Pekka Kuusisto is not your average classical violinist. That much was evident from his appearance on Friday evening with the St. Paul Chamber Orchestra in "Time Machine," a program he curated examining the influence of the musical past in shaping new works for the future.

Garbed in a hooded gown-cum-cardigan, with a black T-shirt underneath, Kuusisto bounded onstage, grinning boyishly at the audience before slipping into the first violinist's chair, from where he led most of the concert.

A Haydn symphony, "The Clock," opened it. The SPCO, working conductorless, is a wonderful Haydn orchestra, and this was another scintillating performance, packed with wit and crackling with barely containable energies.

The Vivace finale fizzed with the verve and spontaneity of a fiddle session at a folk festival, which is not surprising — Kuusisto is a keen student of Finnish traditional music and plays it regularly.

If the Haydn was exuberant, the symphony that concluded the evening, Prokofiev's "Classical" — deliberately modeled on Haydn — was positively incendiary in its impact. Kuusisto was again the catalyst, driving the outer movements at a blistering tempo that required a crack response from the SPCO players, and got it.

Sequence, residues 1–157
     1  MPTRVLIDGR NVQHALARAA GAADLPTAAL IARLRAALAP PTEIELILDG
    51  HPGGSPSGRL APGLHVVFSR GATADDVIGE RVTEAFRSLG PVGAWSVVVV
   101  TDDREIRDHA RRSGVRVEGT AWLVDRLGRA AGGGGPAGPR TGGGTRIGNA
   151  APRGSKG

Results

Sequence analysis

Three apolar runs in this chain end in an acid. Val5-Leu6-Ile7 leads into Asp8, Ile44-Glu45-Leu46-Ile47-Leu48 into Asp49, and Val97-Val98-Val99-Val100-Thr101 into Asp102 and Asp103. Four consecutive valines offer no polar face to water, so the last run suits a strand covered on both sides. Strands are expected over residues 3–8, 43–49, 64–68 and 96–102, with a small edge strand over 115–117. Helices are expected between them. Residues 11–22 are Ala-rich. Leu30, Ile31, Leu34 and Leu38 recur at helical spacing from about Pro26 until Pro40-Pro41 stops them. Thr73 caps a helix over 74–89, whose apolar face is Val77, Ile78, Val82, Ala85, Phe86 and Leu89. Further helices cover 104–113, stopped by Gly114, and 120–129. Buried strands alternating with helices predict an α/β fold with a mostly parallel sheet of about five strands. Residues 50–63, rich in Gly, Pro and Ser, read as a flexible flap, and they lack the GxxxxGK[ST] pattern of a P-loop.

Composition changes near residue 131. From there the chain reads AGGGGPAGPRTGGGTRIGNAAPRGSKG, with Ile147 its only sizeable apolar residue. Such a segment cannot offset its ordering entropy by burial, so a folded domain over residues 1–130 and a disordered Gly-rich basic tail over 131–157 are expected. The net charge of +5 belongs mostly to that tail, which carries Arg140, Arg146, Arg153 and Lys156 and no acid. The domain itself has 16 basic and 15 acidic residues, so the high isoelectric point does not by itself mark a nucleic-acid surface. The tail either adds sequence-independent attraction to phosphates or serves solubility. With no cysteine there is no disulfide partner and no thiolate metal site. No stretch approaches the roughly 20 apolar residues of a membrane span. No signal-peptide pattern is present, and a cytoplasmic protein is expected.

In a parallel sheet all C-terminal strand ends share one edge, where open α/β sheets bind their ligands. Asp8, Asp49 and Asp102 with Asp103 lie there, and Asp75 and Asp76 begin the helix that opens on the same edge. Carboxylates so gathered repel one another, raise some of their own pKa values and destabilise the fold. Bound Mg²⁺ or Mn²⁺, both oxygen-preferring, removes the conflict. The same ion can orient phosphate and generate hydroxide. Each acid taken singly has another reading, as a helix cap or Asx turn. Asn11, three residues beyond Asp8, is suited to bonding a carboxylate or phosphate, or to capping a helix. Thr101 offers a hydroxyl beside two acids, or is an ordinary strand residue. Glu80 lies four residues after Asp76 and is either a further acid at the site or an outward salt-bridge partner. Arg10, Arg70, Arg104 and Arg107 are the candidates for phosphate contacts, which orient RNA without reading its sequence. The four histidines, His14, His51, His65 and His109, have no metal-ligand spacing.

The hyperactive wind figurations in the finale were brilliantly delivered, while the strings showed lightning reactions in the sharp dynamic contrasts demanded by the music. As an object lesson in how to play fast and furious without sounding scrambled and superficial, this "Classical Symphony" was more or less unsurpassable.

The three other pieces on the program were lower-voltage and often looked inward. Or, in the case of Respighi's "Ancient Airs and Dances," backward — Suite Three, based on lute music from the Italian Renaissance, breathes the kind of gentle melancholy that comes from mulling on the beauties of a bygone era from the harsher perspective of the present.

That nostalgia and sense of longing was sensitively captured in the sensually shaped playing of the SPCO string section, as it was in another piece that referenced past glories, Benjamin Britten's arrangement for string orchestra of Purcell's Chacony in G minor.

Kuusisto stepped out just once as soloist, and relatively briefly. The piece was the rarely heard Concerto in C by the great 20th-century violinist Fritz Kreis­ler, a work Kreis­ler originally claimed was by Vivaldi before admitting later that it wasn't.

Though not terribly Vi­valdi-like, the Concerto in C is a charming work, full of geniality and easy-flowing melody. Kuusisto's was a warmly affectionate performance, built on his silken tonal quality, and a fabulously flexible bowing technique that makes transitions between phrases sound seamless.

The work's finale again had his folksy side surfacing, his cheeky, spur-of-the-moment inflections adding a jaunty, unpredictable quality to the interpretation. It brought a knowing smile or two from the SPCO players when it was over, and a gleeful thumbs-up from Kuusisto himself to a delighted audience.

Terry Blain writes about classical music and theater.